Google is developing an open source operating system for netbooks and web-based computers, which will rival Microsoft Windows.
The system, based on Google’s Chrome web browser, is designed for all classes of PCs, “from small netbooks to full-sized desktop systems”, and will be available in machines from “multiple” PC makers in the second half of next year, the company said.
The OS, which will carry the same "Chrome" name as the company's browser, is expected to begin appearing on netbook computers in the second half of 2010, Google said in a blog post.
It is already talking to "multiple" companies about the project, it added.
The Chrome OS will be available for computers based on the x86 architecture, which is used by Intel and Advanced Micro Devices (AMD), and the Arm architecture.
Prototypes of Arm-based netbooks began appearing last month at the Computex show in Taiwan and Google's support for the architecture could give it a significant boost.
Microsoft's mainstream Windows operating system doesn't run on Arm chips so many manufacturers were talking about using Linux or a version of Google's Android operating system. It's not immediately clear how much the two operating systems share in common code but Google said they are aimed at very different devices.
"Google Chrome OS is a new project, separate from Android," it said. "Android was designed from the beginning to work across a variety of devices from phones to set-top boxes to netbooks. Google Chrome OS is being created for people who spend most of their time on the Web."
While Google is initially looking at the netbook segment of the market it might compete with Microsoft and Apple on larger, Internet-centric machines.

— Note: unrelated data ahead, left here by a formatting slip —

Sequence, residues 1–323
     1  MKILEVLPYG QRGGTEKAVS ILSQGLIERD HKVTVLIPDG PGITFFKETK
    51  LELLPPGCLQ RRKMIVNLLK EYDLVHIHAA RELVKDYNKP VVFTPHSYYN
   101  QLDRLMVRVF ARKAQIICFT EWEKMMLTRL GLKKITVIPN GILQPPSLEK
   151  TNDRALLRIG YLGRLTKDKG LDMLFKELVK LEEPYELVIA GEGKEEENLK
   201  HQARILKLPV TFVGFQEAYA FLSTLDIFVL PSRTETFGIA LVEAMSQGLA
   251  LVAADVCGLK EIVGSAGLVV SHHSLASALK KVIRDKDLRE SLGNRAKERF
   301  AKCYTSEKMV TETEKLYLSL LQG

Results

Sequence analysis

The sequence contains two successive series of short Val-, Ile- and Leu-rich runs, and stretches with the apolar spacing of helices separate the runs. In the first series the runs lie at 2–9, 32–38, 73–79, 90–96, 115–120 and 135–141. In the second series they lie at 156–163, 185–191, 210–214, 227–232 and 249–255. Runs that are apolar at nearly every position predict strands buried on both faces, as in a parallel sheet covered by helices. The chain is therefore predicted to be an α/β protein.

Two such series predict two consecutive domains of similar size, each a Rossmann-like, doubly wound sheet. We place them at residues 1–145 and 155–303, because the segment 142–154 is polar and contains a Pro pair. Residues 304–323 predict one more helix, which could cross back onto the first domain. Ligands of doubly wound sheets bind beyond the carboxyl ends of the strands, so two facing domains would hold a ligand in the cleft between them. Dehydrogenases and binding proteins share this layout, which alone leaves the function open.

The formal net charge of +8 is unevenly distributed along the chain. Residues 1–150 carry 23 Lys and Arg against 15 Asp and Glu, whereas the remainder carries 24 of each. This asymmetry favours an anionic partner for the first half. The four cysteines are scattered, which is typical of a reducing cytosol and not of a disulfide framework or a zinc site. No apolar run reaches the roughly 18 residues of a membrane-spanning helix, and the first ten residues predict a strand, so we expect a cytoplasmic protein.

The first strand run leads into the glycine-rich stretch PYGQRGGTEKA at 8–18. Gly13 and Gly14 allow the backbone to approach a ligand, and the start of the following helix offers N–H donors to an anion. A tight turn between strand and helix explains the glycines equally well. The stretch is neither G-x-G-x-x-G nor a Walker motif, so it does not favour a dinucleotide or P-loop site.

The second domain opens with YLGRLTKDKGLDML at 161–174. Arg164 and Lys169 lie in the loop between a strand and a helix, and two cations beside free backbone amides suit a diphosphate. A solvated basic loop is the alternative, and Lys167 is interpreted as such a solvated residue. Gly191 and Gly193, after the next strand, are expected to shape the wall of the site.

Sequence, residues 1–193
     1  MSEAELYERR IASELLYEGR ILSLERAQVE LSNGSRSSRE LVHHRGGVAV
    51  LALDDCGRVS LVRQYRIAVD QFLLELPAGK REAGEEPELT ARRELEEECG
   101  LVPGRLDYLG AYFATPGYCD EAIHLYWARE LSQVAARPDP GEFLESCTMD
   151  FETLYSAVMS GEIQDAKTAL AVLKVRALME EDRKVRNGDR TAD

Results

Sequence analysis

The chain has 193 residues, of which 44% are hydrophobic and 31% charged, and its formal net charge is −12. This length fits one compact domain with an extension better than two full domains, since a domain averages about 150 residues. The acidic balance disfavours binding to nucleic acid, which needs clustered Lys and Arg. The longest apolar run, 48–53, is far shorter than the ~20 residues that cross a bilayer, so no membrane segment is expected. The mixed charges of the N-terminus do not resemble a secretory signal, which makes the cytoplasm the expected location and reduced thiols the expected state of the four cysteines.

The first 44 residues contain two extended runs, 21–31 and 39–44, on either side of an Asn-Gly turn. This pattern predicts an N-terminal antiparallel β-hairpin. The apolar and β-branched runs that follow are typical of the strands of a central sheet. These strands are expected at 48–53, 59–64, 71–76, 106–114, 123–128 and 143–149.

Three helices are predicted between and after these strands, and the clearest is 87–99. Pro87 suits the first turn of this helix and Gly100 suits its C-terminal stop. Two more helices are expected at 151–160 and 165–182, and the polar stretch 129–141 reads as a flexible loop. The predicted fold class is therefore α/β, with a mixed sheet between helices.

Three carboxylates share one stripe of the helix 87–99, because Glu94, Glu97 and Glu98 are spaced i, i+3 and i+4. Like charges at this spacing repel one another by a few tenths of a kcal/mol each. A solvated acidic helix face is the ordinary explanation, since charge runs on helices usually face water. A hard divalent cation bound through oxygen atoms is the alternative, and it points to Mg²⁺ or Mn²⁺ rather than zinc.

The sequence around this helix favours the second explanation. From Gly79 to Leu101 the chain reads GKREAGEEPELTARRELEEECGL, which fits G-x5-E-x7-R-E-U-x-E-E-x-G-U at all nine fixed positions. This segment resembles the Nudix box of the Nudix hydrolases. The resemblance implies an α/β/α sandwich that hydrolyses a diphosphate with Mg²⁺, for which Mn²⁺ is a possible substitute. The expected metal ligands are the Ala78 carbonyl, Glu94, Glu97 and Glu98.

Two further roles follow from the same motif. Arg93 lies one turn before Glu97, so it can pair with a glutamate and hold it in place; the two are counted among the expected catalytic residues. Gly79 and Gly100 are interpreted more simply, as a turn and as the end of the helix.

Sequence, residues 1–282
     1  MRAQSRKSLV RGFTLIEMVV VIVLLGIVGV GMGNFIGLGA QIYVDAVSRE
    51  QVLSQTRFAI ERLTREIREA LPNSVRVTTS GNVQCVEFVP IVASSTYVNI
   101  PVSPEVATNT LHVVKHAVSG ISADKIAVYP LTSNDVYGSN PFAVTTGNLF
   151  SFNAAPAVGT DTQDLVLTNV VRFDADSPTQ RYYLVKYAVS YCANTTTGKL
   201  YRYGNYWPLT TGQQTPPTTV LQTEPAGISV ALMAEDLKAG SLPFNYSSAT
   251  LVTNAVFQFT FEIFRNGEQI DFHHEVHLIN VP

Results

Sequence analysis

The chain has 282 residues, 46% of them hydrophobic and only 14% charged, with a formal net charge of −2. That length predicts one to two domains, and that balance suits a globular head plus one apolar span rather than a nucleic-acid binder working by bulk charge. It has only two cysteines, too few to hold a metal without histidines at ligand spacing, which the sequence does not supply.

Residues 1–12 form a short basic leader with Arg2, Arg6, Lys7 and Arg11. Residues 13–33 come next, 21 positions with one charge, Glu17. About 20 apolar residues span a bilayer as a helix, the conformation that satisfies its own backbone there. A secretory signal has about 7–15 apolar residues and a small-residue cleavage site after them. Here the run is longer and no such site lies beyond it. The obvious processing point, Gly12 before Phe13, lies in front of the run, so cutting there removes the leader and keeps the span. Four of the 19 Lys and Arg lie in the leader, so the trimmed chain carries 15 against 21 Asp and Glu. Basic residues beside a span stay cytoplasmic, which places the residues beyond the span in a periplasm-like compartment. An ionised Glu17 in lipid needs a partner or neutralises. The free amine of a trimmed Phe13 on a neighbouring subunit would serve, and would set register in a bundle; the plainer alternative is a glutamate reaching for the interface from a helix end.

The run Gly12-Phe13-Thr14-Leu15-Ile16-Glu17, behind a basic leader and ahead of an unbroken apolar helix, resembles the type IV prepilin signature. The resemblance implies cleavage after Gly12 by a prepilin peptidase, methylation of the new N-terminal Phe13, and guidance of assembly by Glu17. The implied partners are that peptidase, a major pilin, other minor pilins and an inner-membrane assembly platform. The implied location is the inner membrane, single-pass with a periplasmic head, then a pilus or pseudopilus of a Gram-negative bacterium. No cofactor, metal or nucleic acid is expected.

From small netbooks to full-size desktop systems
Chrome OS is "being designed to power computers ranging from small netbooks to full-size desktop systems," said Google.
The heart of Chrome OS is the Linux kernel. Applications, which can be written in standard Web programming languages, will run inside Google Chrome in a new windowing system. They will additionally run inside the Chrome browser on Windows, Mac or Linux machines, meaning that a single application could run on almost any computer.
Wide support for the platform will be key to getting developers involved and so an important factor in its degree of success.
"We have a lot of work to do, and we're definitely going to need a lot of help from the open source community to accomplish this vision," Google said in its blog post.
For end users Google promised a better computing experience on machines with faster access to email, fast boot-up times, access to data from anywhere and the end of problematic hardware configuration, software updates and security issues.
"We are going back to the basics and completely redesigning the underlying security architecture of the OS so that users don't have to deal with viruses, malware and security updates. It should just work," Google said.